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Resume Untruths that Could Get You Caught, and the Alternatives that You Should Choose

Drafting your resume, you may wonder if it is at all acceptable to round it out with a few harmless lies and exaggerations for a better effect overall. The truth is, however, that embellishments are not hard to fact-check. If an employer does decide to check out your claims, and finds out that they are not truthful, it could forever ruin your relationship with the company.

What follows are examples of the riskiest untruths that job applicants include in their resumes, and tips on what you can do instead.

Exaggerating your grades

Maybe you had bad luck with the questions in an exam, or maybe you don’t test very well. Whatever the reason may be, fudging your grades isn’t a safe bet to make. Employers do randomly ask employees or job applicants for proof of test scores. If it comes to light that you haven’t been truthful, your application will be rejected outright. The farther along in the hiring process this happens, the greater the embarrassment will be that you experience.

It’s important to realize that test scores and grades aren’t as important to demonstrating fitness for a job as experience is. Relevant skills and experience, all properly described in your resume, rather than an impressive GPA or SAT score, is really all you need. If the opening that you’re applying for requires academic achievements that you don’t have, it would be a far better idea to retake the tests you would like to do better at.

Making up a job experience history

If a position requires applicants to have management experience, and if you have no team leadership in your past, you might be tempted to make a fictional claim about having had such experience at some point. The problem with this claim is that you may find yourself handed bigger responsibilities than you’re able to handle, and struggle with them. The truth is that employers don’t consider every requirement that they specify as completely essential. Some requirements are optional, with employers being willing to train employees who don’t have what they need.

Rather than invent experience that you don’t have, it can help to focus on how the experience you do have is relevant to the job. You could describe it in detail. If the experience that your resume lacks is truly crucial, it could help to simply sign up for new courses or to volunteer for new kinds of job experience. You could then describe in your resume the initiative that you’ve taken; initiative is a valuable quality in any applicant.

Getting creative with the dates on your resume

When you have inconvenient gaps in your resume, you might consider moving the dates around to make the gaps disappear. Sometimes, you might consider manipulating dates to make it look like a short employment stint at a company was much longer.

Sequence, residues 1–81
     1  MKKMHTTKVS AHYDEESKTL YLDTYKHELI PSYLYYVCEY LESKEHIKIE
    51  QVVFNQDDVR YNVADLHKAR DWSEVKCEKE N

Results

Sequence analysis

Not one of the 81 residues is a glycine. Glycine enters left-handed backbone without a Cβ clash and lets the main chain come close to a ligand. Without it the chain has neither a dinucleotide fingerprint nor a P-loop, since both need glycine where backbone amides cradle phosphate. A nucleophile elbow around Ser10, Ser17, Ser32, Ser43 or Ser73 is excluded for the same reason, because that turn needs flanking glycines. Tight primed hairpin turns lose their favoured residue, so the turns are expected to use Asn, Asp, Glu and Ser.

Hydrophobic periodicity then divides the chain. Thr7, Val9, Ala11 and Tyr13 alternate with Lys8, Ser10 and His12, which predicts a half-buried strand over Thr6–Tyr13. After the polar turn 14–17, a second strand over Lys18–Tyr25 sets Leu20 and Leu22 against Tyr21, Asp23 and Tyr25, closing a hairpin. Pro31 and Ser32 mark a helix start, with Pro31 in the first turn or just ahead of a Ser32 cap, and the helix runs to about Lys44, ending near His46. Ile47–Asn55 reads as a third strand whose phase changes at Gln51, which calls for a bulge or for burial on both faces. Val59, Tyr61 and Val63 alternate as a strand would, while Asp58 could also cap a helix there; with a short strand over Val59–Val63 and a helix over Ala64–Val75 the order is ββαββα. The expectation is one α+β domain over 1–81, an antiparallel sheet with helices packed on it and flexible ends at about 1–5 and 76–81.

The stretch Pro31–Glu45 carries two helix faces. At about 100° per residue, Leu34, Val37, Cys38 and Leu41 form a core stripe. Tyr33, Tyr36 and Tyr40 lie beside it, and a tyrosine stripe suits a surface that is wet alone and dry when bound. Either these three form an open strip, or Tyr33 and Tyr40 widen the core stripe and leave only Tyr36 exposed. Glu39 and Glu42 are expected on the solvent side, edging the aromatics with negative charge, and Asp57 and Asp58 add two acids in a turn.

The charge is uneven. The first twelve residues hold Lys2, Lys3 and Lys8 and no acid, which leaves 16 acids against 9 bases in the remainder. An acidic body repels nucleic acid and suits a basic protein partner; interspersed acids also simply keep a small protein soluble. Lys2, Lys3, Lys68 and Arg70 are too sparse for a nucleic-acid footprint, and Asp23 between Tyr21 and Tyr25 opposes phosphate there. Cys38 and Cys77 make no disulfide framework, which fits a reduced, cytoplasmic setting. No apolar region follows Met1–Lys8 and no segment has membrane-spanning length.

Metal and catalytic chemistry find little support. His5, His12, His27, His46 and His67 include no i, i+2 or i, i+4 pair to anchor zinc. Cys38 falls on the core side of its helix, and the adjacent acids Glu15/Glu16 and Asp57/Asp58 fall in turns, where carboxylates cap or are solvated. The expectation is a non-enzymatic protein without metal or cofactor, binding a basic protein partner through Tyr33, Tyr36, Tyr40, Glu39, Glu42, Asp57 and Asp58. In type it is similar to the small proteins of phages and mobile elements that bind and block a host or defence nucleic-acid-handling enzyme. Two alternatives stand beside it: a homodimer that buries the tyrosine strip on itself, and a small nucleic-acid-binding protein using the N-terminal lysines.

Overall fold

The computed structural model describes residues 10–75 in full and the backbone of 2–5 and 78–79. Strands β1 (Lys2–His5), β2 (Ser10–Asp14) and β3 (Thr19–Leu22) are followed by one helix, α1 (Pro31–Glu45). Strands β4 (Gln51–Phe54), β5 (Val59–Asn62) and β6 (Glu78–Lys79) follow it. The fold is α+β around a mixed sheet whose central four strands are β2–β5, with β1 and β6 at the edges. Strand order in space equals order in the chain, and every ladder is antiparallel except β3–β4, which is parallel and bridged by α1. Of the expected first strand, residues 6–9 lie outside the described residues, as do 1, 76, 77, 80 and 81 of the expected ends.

It’s important to remember that hiring managers can easily check to make sure that your dates are accurate, and they often do. If you had to take to time off from your career for personal reasons of any kind, it would be a better idea to simply come clean about them. Employers don’t really mind gaps in resumes if they come with reasonable explanations.

Manipulating your job titles or descriptions

Just as with dates, grades, and qualifications, employers know that job titles can be manipulated, and often check. Sometimes, employers verify job title claims on resumes after they hire people. It’s important to resist the temptation to overstate the kind of experience that you’ve had. Instead, it would make sense to apply for jobs that are more in line with the level of experience that you have.

Sometimes, job applicants switching careers worry about appearing overqualified for a job, and fudge their resume to make their past appear less impressive than it really is. They may leave out some high-level experience to appear better suited to a job in a new field. While neglecting to put down all your experience on a resume isn’t as risky as putting in more than what you actually have, it’s important to make sure that your efforts at editing your experience out don’t leave your resume looking curiously thin.

If you make things up on your resume, keeping your story straight through multiple rounds of interviews, and on the job, can be particularly challenging. Living in perpetual fear of getting caught is no way to go through life. It’s a far better idea to simply own what you have, make the best of it, and take your time climbing the career ladder.

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